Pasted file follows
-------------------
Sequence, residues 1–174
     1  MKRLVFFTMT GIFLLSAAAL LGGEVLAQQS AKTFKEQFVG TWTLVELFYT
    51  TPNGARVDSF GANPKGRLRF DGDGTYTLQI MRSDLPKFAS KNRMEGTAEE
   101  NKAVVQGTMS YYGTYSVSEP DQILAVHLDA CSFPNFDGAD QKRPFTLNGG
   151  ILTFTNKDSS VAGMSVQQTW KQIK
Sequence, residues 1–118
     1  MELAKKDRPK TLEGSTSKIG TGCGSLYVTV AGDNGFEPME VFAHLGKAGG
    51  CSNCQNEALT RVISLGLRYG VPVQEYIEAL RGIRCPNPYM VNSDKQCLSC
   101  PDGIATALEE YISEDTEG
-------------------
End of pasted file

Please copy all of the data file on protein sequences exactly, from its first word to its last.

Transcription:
Sequence, residues 1–174
     1  MKRLVFFTMT GIFLLSAAAL LGGEVLAQQS AKTFKEQFVG TWTLVELFYT
    51  TPNGARVDSF GANPKGRLRF DGDGTYTLQI MRSDLPKFAS KNRMEGTAEE
   101  NKAVVQGTMS YYGTYSVSEP DQILAVHLDA CSFPNFDGAD QKRPFTLNGG
   151  ILTFTNKDSS VAGMSVQQTW KQIK
Sequence, residues 1–118
     1  MELAKKDRPK TLEGSTSKIG TGCGSLYVTV AGDNGFEPME VFAHLGKAGG
    51  CSNCQNEALT RVISLGLRYG VPVQEYIEAL RGIRCPNPYM VNSDKQCLSC
   101  PDGIATALEE YISEDTEG